Racial microaggressions are brief interactions, (but can also be environmental), that communicate insults or negative slights towards people of color. Not talking about microaggressions and other incidents of racism is also a catalyst for resentment and cumulative stress.
Racial microaggressions are experienced as assaults to one’s racial identity. The fact that they might not be intentional can sometimes make it harder to prepare oneself against such attacks or to resolve them later.
There’s more on her page, but the simple fact a licensed New York City psychotherapist would devote part of her website to the subject of racial gaslighting says a lot about how serious and widespread the problem is.
This Woman’s Post About Racial Gaslighting Blew Up Online — Here’s Why It’s Important
That title comes from Buzzfeed and the author Liz Richardson profiled Jacquelyn Ogorchukwu Iyamah, and writes:
As a writer and designer, Jacquelyn sheds light on the multifaceted impact of racism and provides resources for BIPOC communities affected by it. Just last week, she made a post about identifying racial gaslighting — and it’s being shared widely across the web.
View this post on Instagram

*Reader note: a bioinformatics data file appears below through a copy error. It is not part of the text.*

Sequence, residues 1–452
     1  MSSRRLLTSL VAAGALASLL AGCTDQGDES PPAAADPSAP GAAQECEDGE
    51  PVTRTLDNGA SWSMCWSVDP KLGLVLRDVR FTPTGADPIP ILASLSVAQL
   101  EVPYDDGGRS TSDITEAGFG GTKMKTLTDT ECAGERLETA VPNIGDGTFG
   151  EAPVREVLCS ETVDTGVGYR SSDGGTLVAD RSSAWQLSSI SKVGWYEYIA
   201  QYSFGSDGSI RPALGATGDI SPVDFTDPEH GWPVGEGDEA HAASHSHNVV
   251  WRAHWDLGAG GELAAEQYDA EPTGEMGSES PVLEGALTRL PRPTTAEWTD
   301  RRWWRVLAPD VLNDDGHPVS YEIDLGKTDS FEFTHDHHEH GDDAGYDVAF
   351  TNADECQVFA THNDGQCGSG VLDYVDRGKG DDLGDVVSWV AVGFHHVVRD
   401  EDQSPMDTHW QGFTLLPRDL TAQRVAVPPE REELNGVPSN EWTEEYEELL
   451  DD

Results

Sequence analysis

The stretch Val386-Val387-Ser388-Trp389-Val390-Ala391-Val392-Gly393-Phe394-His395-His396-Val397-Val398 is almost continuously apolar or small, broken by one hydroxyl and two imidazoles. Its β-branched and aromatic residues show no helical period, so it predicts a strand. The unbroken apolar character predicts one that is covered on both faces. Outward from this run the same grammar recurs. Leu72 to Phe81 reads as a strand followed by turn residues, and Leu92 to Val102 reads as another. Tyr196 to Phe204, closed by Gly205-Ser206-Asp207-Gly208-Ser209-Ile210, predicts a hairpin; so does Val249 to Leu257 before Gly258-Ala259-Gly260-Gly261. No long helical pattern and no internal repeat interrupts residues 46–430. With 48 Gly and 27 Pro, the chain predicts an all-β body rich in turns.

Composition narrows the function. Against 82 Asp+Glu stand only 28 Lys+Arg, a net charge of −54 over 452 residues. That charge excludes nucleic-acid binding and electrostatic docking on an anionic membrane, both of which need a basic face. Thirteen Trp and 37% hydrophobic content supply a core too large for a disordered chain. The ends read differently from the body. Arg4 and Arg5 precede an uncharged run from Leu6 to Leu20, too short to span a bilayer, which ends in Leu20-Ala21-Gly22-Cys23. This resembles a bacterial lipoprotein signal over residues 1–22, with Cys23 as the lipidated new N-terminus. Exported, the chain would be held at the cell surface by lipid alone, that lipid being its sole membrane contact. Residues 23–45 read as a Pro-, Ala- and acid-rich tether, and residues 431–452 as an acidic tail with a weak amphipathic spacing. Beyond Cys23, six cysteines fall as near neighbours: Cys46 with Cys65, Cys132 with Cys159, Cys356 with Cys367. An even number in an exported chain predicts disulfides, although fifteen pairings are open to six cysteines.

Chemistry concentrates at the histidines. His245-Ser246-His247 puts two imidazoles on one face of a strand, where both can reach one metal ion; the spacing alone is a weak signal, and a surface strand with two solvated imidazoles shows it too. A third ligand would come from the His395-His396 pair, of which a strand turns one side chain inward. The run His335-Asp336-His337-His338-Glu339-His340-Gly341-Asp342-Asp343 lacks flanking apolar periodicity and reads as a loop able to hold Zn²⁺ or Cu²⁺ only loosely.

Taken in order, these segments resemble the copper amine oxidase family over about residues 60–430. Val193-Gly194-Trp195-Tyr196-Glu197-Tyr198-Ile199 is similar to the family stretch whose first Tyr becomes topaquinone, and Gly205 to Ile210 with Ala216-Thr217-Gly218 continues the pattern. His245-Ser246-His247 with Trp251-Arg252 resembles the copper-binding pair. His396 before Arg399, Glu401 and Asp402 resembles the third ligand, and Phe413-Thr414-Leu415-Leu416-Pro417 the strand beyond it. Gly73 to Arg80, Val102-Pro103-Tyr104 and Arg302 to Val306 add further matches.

“Gaslighting is when someone manipulates information to make the victim question their own experience, memory, or reality. People are able to recognize gaslighting when it comes to relationships, friendships, work settings, and issues like sexism. But when it comes to racial gaslighting, there is an immense disconnect,” Jacquelyn said.
“I have noticed that in general, people are able to acknowledge abusive behaviors such as narcissism, manipulation, and gaslighting. However, it is difficult for people to see how these forms of abuse are ever-present in conversations about racism.”
For many BIPOC, racial gaslighting has been a longtime reality, especially as they share their experiences with racism online and in real life. Instead of building understanding and allyship, racial gaslighting deflects important conversations about race and silences BIPOC voices that need to be heard.
That’s what Susan Stever tried to do to me and on the social media website Facebook.
In all of the entries I read, one common thread became evident: the lack of any content by the main news organizations like The Los Angeles Times, Chicago Tribune, or San Francisco Chronicle. Indeed, Bing had far more results from blogs, websites, and even social media sites like Reddit, than did Google.
Are some mainstream media outlets trying to, well, racially gaslight the subject of racial gaslighting? It would seem so to me, and I’m happy to be proven wrong. But the fact that subject of racial gaslighting isn’t something normally found in the local news might point to one reason some on Facebook (who are not friends) have said that, in so many words, that journalism does not include a black point of view. That was one point of contention of how an education rally was reported on by Davey D Cook, and for an entry Zennie62Media’s Oakland News Now. An Oakland woman, again on Facebook, openly wrote that she did not want to see a “black point of view” going on to add that true journalism was “objective”. That opens the door to what really drives some people to certain news sources, and not others.